Certainly, in some cases, the spouse may later be able to show that the separation was solely the veteran's fault, and therefore, the spouse would be entitled to benefits. By providing an application without request only to those “apparently entitled” to receive benefits, however, the VA does not prevent eligible claimants from obtaining benefits, nor does it affect any subsequent adjudication. Moreover, the fact that under the regulation, some eligible claimants will not receive the application does not lead to the conclusion that the VA has an obligation to send applications to all separated spouses. Indeed, section 3.150(b)'s governing statute, 38 U.S.C. § 5102 (1994), only requires the VA to send applications when requested. In implementing section 3.150(b), the Secretary imposed upon himself a greater obligation than required by statute. It would not be proper for us to impose an even greater burden upon the Secretary, as Mrs. Westberry argues.
We hold that the Secretary's construction of section 3.150(b) is controlling, because it is in accordance with the language of the regulation. Therefore, we affirm the decision of the Veterans Court.
It is not disputed that Mrs. Westberry was eligible to receive surviving spouse benefits from the veteran's death in 1987. 38 U.S.C. § 1541(a). It is not disputed that when she made a timely inquiry in 1987 she was given misinformation by a VA official, who told her that she was not eligible for survivor's benefits because there were no minor children. In reliance thereon she did not file an application for such benefits until several years later, when she learned that she had been misinformed.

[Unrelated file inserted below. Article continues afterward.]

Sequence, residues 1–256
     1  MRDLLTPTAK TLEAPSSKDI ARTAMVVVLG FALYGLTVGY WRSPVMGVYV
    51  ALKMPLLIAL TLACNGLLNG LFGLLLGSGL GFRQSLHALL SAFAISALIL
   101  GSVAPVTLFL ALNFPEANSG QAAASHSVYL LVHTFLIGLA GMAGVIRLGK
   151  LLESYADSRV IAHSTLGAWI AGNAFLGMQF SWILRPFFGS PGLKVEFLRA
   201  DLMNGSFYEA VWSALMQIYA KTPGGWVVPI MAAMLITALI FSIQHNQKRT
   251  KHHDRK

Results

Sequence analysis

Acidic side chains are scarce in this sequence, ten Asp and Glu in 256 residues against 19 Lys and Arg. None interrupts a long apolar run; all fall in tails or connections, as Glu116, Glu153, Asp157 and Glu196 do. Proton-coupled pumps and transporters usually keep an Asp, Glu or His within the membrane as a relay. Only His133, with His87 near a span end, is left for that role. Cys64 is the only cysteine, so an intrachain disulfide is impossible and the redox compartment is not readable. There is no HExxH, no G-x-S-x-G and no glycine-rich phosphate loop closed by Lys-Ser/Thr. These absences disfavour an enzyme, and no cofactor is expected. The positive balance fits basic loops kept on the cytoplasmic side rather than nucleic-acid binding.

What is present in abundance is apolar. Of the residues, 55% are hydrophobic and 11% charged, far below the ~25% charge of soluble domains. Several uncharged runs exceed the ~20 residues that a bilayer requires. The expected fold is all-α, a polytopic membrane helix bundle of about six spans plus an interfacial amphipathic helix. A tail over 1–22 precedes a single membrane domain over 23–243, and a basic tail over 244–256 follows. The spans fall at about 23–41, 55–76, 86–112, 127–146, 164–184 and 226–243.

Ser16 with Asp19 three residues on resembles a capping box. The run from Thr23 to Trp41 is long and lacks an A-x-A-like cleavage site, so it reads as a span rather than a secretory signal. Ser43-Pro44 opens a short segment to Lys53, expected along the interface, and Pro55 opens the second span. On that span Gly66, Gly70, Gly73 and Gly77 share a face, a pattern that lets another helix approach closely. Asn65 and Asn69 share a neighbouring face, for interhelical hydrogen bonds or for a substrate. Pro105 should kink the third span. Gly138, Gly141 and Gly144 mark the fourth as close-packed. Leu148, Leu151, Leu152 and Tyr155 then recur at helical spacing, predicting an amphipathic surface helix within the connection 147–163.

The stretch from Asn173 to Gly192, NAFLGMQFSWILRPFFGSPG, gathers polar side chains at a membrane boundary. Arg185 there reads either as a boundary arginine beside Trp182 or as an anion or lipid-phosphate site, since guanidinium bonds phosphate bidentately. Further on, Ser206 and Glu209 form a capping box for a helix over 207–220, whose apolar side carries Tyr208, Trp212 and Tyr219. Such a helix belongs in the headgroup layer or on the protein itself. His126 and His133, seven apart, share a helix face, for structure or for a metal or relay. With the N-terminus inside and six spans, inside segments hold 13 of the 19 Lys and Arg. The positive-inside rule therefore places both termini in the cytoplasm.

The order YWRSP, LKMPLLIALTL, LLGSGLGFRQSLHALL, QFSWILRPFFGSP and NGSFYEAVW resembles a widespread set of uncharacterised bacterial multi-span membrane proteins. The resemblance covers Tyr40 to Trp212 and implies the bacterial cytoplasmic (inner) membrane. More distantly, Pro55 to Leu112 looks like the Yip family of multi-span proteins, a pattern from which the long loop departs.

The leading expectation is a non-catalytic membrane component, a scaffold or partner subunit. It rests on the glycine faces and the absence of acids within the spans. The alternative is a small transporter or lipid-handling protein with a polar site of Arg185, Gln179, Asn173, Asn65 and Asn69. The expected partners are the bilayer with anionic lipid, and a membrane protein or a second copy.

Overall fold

The regulations require the VA to send a survivor's benefits form to the surviving spouse. 38 C.F.R. § 3.150(b). It is not disputed that the VA failed to do so. Even on the VA's theory that its error was justifiable, it has no right to rely on its error in order to deprive Mrs. Westberry of the survivor's benefits to which she has always been entitled. Indeed, the VA does not dispute entitlement; it argues only that because she did not submit a formal claim in 1987, due to the VA's incorrect advice, she can not recover the benefits that she was entitled to receive from that date.